BUSINESS
By Edward Gunts and Edward Gunts,Staff Writer | June 20, 1992
BOSTON -- Architects and construction companies in many regions of the country are showing signs of recovering from the recession, according to a national survey of design executives holding their annual convention here this weekend.Slightly more than half of the architects polled said they thought therecession had "bottomed out" as it relates to their firms, the survey by American Institute of Architects found.In addition, 44 percent of the 300 survey participants said business opportunities for design firms in their region had increased since Jan. 1. Thirty-one percent said opportunities remained the same, and 25 percent said opportunities had decreased.
NEWS
By Liz Atwood and Liz Atwood,Staff Writer | October 8, 1993
Angry communists screamed obscenities and shouted "Yankee go home." Someone even hit him over the head with a stick. But Jeff Collins returned from Russia early this week more enthusiastic than ever about business opportunities there."
NEWS
By Sandy Alexander and Sandy Alexander,CONTRIBUTING WRITER | October 7, 1999
Local entrepreneurs and interested individuals will be encouraged to keep Africa in mind when they consider trade and investment opportunities at a Saturdaytown meeting at Howard Community College in Columbia.The event, organized by the Constituency for Africa and the Institute of African Commerce and Culture, will introduce participants to business opportunities in Africa and discuss how to pursue them, said Melvin Foote, the constituency's executive director.Those who attend will learn how to improve the political environment for investment in Africa through contact with the U.S. and local governments, how to meet and communicate with contacts in Africa, and how to make use of federal agencies that have programs there.
NEWS
March 25, 2002
County launching effort to recognize, retain businesses Howard County Executive James N. Robey will launch the county's annual goodwill mission to the business community at 8 a.m. today at the Executive Conference Room in the Gateway Building, 6751 Columbia Gateway Drive, Columbia. This week, designated Business Appreciation Week, teams of representatives from the Economic Development Authority, county government, state Department of Business and Economic Development, the county's Chamber of Commerce, Howard Community College and other economic development partners will visit about 100 businesses in the county.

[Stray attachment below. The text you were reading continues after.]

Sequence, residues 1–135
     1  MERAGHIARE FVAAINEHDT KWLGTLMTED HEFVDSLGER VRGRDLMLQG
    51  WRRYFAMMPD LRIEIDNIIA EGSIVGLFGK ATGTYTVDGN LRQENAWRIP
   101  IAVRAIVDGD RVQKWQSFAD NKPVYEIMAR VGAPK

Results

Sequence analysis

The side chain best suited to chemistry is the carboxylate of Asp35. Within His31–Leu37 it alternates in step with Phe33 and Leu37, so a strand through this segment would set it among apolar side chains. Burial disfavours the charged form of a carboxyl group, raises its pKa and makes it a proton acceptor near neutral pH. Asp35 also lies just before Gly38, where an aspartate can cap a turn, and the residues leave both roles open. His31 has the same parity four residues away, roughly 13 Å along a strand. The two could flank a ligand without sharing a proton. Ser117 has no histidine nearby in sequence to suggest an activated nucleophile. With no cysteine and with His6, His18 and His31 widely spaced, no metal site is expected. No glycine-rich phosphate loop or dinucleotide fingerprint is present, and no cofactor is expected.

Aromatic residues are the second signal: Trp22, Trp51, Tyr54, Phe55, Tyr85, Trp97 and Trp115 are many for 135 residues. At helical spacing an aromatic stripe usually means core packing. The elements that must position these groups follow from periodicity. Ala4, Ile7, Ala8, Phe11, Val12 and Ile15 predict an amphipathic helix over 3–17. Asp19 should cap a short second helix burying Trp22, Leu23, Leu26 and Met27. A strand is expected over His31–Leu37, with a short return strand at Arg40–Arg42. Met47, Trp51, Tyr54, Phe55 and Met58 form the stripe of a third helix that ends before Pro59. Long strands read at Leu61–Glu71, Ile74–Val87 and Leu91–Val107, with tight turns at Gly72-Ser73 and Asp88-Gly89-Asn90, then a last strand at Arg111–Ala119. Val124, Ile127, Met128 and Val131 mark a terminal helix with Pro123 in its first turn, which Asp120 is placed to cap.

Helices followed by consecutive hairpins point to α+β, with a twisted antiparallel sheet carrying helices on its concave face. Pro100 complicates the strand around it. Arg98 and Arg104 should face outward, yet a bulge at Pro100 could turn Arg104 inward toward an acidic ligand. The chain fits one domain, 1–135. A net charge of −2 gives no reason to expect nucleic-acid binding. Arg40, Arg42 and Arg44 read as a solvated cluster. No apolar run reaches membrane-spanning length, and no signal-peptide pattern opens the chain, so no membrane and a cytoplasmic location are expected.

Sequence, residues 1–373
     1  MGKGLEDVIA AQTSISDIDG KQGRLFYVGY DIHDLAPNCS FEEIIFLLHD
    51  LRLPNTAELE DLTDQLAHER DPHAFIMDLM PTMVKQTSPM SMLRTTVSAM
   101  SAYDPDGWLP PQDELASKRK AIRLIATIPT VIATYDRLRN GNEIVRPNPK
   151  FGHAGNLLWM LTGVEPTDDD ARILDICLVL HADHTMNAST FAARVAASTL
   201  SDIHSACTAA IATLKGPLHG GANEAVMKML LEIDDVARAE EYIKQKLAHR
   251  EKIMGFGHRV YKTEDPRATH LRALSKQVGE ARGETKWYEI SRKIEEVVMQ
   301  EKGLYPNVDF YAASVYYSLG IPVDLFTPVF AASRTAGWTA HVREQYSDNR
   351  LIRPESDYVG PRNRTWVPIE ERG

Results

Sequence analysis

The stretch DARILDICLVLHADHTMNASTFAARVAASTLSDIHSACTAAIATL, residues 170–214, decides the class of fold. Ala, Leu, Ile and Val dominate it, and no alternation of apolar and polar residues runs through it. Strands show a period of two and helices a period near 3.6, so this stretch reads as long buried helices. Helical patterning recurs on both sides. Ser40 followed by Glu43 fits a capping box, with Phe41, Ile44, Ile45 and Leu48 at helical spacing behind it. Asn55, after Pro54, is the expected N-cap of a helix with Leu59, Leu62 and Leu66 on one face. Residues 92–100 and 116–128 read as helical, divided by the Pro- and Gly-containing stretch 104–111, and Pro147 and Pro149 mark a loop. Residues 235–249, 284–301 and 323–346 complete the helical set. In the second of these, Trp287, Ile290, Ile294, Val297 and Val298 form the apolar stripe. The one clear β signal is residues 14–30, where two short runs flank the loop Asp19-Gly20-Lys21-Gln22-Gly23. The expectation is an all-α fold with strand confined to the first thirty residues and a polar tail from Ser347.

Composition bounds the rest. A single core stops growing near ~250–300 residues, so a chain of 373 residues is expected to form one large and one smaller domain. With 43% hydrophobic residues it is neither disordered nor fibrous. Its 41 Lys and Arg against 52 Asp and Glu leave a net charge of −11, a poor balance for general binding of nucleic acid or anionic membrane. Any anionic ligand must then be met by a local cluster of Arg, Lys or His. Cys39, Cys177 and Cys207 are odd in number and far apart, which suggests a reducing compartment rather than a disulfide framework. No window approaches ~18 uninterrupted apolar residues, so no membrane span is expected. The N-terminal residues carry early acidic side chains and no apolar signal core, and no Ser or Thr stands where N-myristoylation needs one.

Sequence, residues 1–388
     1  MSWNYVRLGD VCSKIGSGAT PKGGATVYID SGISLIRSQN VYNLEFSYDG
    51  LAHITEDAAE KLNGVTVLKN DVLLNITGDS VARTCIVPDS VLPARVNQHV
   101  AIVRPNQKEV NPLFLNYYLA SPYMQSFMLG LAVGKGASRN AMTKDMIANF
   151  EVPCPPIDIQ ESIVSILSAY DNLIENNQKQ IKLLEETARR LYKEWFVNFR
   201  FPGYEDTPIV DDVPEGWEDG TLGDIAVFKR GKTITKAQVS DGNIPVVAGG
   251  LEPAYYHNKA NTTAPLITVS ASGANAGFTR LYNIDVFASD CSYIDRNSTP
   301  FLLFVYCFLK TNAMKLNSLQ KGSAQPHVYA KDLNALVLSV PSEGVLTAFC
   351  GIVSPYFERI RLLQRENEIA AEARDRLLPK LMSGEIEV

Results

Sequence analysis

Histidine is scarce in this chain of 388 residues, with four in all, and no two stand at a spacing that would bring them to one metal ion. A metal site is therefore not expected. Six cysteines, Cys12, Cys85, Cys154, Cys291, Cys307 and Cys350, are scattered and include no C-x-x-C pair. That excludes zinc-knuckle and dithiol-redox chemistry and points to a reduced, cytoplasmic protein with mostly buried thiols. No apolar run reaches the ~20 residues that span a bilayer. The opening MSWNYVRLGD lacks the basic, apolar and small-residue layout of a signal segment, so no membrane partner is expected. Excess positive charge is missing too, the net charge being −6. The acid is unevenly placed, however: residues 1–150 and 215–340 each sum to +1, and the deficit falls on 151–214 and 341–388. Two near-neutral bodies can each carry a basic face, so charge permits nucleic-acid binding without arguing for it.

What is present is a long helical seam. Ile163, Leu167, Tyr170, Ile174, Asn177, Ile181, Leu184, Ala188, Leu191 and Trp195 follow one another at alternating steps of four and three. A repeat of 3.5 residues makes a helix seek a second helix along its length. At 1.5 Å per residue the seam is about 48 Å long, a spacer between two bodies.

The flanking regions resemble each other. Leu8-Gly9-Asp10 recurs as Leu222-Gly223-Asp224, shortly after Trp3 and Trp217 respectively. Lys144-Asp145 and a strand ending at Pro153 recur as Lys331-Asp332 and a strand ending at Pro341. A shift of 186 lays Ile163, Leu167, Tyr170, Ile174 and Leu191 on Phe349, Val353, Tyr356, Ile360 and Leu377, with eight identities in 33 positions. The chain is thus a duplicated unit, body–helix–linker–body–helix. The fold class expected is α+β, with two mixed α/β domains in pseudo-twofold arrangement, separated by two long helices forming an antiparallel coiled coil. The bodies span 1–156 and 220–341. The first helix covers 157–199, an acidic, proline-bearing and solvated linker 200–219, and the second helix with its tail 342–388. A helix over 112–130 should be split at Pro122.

NEWS
By Jean Marbella and Richard Gorelick, The Baltimore Sun | May 17, 2013
After 25 Preaknesses, Annette Thomas has her routine, and recipes, down pat. Thirty pounds of ribs, both pork and beef, marinated overnight in vinegar and soy sauce, then grilled in front of her house on Saturday. Fifty pounds of red-skin potatoes — "Never russets, oh no, no, no!" — boiled in her crab pots for dill whipped potato salad. "Half-and-half," or homemade sweet tea — not the bought tea, she explains — and lemonade to wash it down. For the hungry hordes heading into or out of Pimlico Race Course , sidewalk chefs like Thomas serve up a home-cooked alternative to the concessions inside.
EXPLORE
Special to The Aegis | December 11, 2012
Concerns about cutbacks in defense spending notwithstanding, there are plenty of business opportunities on the horizon connected to activities at Aberdeen Proving Ground. Last week, more than 1,100 business and economic development representatives from across the country attended the proving ground's first installation-wide Advanced Planning Briefing for Industry, where APG commands presented more than 180 potential contracts worth an estimated $19.5 billion over the next five years.
BUSINESS
By Jamie Smith Hopkins, The Baltimore Sun | December 10, 2011
Kirk-Habicht Co. in Essex doesn't do much business in Europe, but problems on the continent are buffeting the manufacturer all the same. Its employees rely on a heavy wire to make springs tough enough for trucks, and the only plant they know of that makes what they need is in Germany - or was. The factory shut down. Company president Mark Habicht is struggling to find an alternative. "What's going on there is definitely affecting us," he said of events in Europe. "It's causing us to scramble and search the far corners of the world to see if there's anyone who can make this material for us. " As world economies knit ever closer together, the debt woes and economic slowdown in Europe are sending ripples across the Atlantic - giving pause to Maryland companies anxious about recessionary contagion and offering business opportunities to others.